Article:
The best recent Kennedy assassination book is Assassination Science (1998), edited by James H. Fetzer, a Minnesota college professor who has written 20 scientific books and in recent years has emerged as a leading authority on the assassination.  Assassination Science consists of a number of articles by Fetzer and others focusing on JFK's autopsy, the lone gunman theory, and the Zapruder film.

The most intriguing articles are those setting forth the view that the Zapruder film has been tampered with.  There are, for example, numerous indications that some of the frames were removed from the film at the time it was developed or shortly after it came into the hands of the government.  There is the unnaturally abrupt head turn of William Greer, the 54-year old Secret Service agent driving the presidential limousine.  The film depicts Greer at the time of the assassination twice turning his head at least 110 degrees, each time in one-eighteenth of a second--a physical impossibility, and a sure sign that frames have been excised.  However, the best indication that the film has been edited to misrepresent events is the blink light pattern evidence.

At the time of the Dallas motorcade the presidential limousine was equipped with two emergency blinking lights embedded in the front fender grill.  The lights would automatically go through one cycle every .82 seconds: the light on the passenger side would switch on and stay on for .41 seconds; then it would switch off and the light on the driver side would switch on and stay on for .41 seconds; and the cycle would begin again.  Since the Zapruder film moved through its camera at 18.3 frames per second, the blinking lights for one cycle would take up 16 Zapruder frames--8 for the passenger side, followed by 8 for the driver side.

Careful examination of the film has revealed that anomalies in the blink rate begin to appear as early as frame 133, and that the anomalies become spectacular beginning at frame 225.  Frame 225 is the last frame at which President Kennedy could have been hit by the nonfatal bullet that struck him from behind.  It is also the first frame to show without question that the president has been shot; as Edward Epstein writes in his authoritative Inquest (1966), at frame 225 "President Kennedy raises his hands to his throat."  Thus, the Zapruder film anomalies in the blink pattern begin to become most marked at the very time the assassination is commencing, which is highly suspicious.  The most likely explanation for the anomalies is that frames have been deleted from the film.  "From this analysis [of the blink lights]," one of the articles in Assassination Science concludes, "the Abraham Zapruder film in all probability was extensively altered."

One other book deserves brief mention--Gary Savage's JFK First Day Evidence (1993), which is still in print.  Savage is the nephew of a retired  police detective, Rusty Livingston, who as a member of  the Dallas police crime lab processed much of the evidence gathered on Nov. 22, 1963, the day of the JFK assassination.  With the assistance of his uncle, Savage has located numerous documents and photographs, previously unknown or unavailable, that had been languishing in obscurity in official Dallas police files or the private files of retired police officers.  JFK First Day Evidence consists of those documents and photographs interwoven with an informative text on the investigative activities of the Dallas police on the day of and shortly after the assassination.  The book also contains transcripts of communications on two Dallas police radio channels for a one-hour period that includes the assassination.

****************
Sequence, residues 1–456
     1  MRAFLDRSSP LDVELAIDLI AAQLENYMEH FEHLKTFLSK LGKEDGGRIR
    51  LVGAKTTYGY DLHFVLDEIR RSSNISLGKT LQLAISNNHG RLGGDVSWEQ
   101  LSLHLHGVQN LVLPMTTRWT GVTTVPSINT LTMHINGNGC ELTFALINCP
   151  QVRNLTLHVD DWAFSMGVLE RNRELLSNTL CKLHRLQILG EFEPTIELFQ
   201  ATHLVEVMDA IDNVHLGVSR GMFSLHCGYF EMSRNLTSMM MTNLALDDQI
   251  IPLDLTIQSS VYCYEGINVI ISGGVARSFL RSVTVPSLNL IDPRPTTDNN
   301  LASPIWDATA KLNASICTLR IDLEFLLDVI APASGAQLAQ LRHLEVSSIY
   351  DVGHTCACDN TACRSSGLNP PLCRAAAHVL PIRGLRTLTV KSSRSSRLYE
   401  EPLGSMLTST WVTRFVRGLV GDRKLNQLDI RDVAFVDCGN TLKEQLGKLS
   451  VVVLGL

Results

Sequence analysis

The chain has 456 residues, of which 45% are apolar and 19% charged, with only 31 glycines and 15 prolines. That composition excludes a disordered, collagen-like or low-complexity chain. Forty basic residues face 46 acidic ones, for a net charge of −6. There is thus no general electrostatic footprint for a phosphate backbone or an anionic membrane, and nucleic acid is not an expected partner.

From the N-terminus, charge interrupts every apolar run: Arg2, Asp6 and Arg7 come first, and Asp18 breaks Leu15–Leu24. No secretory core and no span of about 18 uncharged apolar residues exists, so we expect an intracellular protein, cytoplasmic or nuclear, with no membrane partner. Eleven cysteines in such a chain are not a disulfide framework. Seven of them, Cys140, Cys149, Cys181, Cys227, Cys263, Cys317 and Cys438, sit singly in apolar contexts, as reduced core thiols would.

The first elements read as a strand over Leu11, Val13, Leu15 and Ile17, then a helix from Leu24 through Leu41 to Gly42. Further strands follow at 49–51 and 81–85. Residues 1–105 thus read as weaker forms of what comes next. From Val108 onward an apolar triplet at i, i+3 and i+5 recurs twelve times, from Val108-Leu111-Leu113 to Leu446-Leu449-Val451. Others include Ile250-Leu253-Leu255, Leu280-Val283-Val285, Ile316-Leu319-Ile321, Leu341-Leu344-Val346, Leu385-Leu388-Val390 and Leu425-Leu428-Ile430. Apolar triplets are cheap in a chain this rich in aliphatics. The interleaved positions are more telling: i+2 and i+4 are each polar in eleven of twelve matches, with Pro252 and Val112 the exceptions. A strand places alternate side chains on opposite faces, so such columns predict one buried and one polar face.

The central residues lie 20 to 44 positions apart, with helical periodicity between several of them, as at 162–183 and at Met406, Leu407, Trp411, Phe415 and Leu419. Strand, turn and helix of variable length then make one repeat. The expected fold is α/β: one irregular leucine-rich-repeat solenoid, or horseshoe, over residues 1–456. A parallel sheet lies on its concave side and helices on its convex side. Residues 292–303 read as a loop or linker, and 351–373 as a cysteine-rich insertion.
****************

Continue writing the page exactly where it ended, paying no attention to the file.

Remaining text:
Savage's book confirms that Dallas police who seized Oswald's possessions after the assassination found a Minox spy camera and after photographing it turned it over the FBI, which oddly later denied receiving the camera.  What was Oswald doing with this small camera, and does this not confirm suspicions that he was an intelligence agent of some sort?  Savage also reveals something important about one of the famous photographs of Oswald holding his Mannlicher-Carcano rifle, supposedly taken by his wife in their backyard with a different camera.  In 1978 the U. S. House of Representatives hired photographic experts who examined the original of the photograph and after scientific tests proclaimed it to be authentic and to have been taken with the very camera used by Oswald's wife.  This conclusion by the photographic experts was viewed by many as a confirmation of the Warren Commission and its single assassin theory.  However, JFK First Day Evidence reveals that the photograph pronounced by the experts to be an authentic original was in fact not the original but a copy made by the Dallas police with a special crime lab camera!